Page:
2018-01-04 / Around Town

Zoning Rejects New Building on Former Asterisk Site

By James Merolla

The Newport Zoning Board of Review has rejected a proposal to build a two-family, three-story house on the site of the former Asterisk Restaurant on Thames Street. In a 4-1 vote at its Jan. 2 meeting, the board cited issues over lot coverage.

“I have a lot of concerns with this project,” board member Christopher Kirwin said in his dissenting vote. “Eight bedrooms, 10 bathrooms. [The plan] is injurious to the neighborhood, just in sheer size of the building.”

Property owner Patrick O’Leary was looking to demolish the existing restaurant to build a two-family dwelling with third- and fourth-floor decks that would exceed the allowed lot coverage. In his application, he said he would live in one-half of the house and rent the other half. The plan would increase the existing footprint on the 3,360-square foot lot by nearly 62 percent, according to O’Leary’s representatives. The city’s Comprehensive Plan allows only a 40 percent increase in lot coverage.

Board member Charles Allott called the plan, “Too much on a very small lot.”

He said the home, proposed to be constructed just three feet from an existing building to the south, would deprive “that building of any light or air.” Allott also said the four required parking spaces were not representative of the number of people who might stay there.

“The size of this house is huge,” board member Heidi Blank said. “On a very, very small lot. It really is too much.”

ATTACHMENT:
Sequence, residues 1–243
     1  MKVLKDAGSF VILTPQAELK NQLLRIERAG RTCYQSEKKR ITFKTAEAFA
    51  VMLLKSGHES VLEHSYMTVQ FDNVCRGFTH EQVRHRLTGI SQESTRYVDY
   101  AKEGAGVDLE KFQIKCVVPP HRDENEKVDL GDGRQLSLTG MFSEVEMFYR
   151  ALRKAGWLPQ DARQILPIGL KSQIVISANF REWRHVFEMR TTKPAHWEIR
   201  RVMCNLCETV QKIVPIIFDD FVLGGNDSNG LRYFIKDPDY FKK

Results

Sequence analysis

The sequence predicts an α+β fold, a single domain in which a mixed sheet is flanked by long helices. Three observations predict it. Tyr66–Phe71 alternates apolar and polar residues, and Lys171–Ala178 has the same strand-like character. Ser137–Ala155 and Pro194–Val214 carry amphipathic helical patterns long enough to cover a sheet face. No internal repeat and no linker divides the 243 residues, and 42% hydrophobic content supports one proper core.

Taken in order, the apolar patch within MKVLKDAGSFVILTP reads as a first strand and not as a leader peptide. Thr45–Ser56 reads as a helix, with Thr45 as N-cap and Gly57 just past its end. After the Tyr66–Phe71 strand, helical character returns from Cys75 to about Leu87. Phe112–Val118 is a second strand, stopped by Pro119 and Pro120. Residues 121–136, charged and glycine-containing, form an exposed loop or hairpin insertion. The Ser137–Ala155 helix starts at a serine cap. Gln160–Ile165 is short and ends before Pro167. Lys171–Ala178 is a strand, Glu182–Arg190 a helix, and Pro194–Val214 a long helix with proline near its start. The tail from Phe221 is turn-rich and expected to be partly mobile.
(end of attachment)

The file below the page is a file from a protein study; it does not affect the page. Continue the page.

Zoning Chair Rebecca McSweeney was not convinced that the structure would not be turned into another use. “It looks to me like it is going to be a guest house,” she said.

Bart Grimes was the only member who approved the plan. “I feel I have to approve the petition but I do it with great reservation,” he said. “Residential use is less intense than restaurant use. [But it is] so close to another building, and the question about [it possibly becoming] a guest house really was unanswered.”

O’Leary purchased the property on the corner of Sharon Court in June. It had once been an automobile shop before becoming two different restaurants.

When asked if the property could eventually be turned into a guest house, O’Leary said, “I prefer to leave it flexible.”

The nearby Firehouse Inn previously sought a special use permit for a two-family residential unit, then changed the building into a five-room guest house after meeting parking and fire code regulations.

In opposing the plan, John Ward, who lives behind the property, cited the city’s Comprehensive Plan that allows only a 40 percent variance of the lot. “It’s a little much for me, the height,” Ward said. “We’re behind that building to the west. It will loom. It is going to block our sunrise. A small house there might be a better choice.”

In Other Matters

A plan by the owners of the Fifth Element Restaurant on Broadway to build a 40-room hotel was delayed to Thursday, March 22. The plans call for parking for 21 cars at the adjacent parcel at 105 Broadway, which the owners purchased for $885,000 last October.

Zoning relief is required for the parking lot, but all other aspects of the proposed development are “by right.” An application for a demolition permit has been filed, and plans to move forward with development of the site have begun.

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